Windows Mobile 6.5 is nearly here. "For the record, Windows Mobile 6.5 is DONE . . . complete . . . looks really good," noted the Windows Mobile Developers Team on its Twitter account. The post was later deleted, but most believe it’s a sure sign that the update is nearing release.
The post puts the spot on the potential of the new release and its problems. First the potential; Windows Mobile 6.5 will offer key improvements from the previous version 6.1, including touch capability. It will be available on a rumored 31 smart phones, including models from HTC, Toshiba, Samsung, and Motorola.
Next the problem(s); Windows Mobile 6.5 will be eclipsed in under a year by the Windows Mobile take on Windows 7, aptly named Windows Mobile 7. WinMo 7 should bring many more improvements to the table -- and there's no telling what phones will be compatible with the new mobile OS.
In short, Windows Mobile 6.5 has an identity crisis -- it might tempt users to update, but it seems unlikely to snare a large volume of new business, as it will be quickly replaced by its own kin. For those updating, the new release tweaks the UI, replacing the small icons with larger ones allowing users to ditch the stylus and use finger navigation. Likewise, Internet Explorer Mobile has received an overhaul and is now touch friendly. The Today Screen has also been tweaked to allow items such as a music player to be added.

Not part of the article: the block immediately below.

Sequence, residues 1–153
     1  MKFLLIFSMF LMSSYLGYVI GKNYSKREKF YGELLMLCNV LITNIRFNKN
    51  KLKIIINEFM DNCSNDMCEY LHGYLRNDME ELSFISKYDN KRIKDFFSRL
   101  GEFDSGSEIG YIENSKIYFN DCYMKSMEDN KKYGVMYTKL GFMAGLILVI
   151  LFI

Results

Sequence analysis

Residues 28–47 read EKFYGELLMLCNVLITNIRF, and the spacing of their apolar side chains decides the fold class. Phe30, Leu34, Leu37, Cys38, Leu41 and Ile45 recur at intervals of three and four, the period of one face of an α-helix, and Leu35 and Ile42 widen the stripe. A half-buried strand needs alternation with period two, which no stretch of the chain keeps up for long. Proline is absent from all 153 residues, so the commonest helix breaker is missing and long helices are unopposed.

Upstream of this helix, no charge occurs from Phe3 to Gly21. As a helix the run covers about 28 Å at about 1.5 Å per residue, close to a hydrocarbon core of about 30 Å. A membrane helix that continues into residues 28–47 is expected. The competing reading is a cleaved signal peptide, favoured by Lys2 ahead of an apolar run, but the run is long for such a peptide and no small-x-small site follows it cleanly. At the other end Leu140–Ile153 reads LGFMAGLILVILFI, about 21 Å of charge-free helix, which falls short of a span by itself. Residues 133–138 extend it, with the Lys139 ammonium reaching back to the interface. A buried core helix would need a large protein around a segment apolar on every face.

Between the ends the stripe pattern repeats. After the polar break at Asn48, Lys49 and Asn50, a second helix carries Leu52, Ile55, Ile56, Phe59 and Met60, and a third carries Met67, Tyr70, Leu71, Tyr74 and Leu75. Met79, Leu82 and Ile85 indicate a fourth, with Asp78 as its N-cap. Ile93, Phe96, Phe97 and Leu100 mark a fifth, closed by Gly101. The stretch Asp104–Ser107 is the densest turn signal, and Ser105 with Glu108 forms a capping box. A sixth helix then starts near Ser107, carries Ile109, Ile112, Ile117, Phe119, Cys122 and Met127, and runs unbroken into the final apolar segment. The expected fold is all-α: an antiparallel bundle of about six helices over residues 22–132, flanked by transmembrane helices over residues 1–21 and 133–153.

For those willing to wait, Windows 7 Mobile should bring much more, including a modern multi-touch interface, complete with scaling and zoom. It will also bring new versions of the company's mobile programs -- IE, email, SMS, photo/music management -- packaged together in a suite.
Others, though, will likely be lured away by the promise of Palm's new webOS featured on its upcoming Pre phone, or the OS X-sporting iPhone 3G. And Google's Android OS, aboard the G1 phone, remains yet another popular smart phone operating system.
Microsoft owns a large portion of the smart phone OS market share. However, its previous version of the OS was lagging behind competitors in certain key features, such as touch functionality. Windows Mobile 7 should even the playing field, but in the meantime customers will be offered Windows Mobile 6.5 -- a halfway OS that will likely find a tough time establishing its identity, though offering some new perks.
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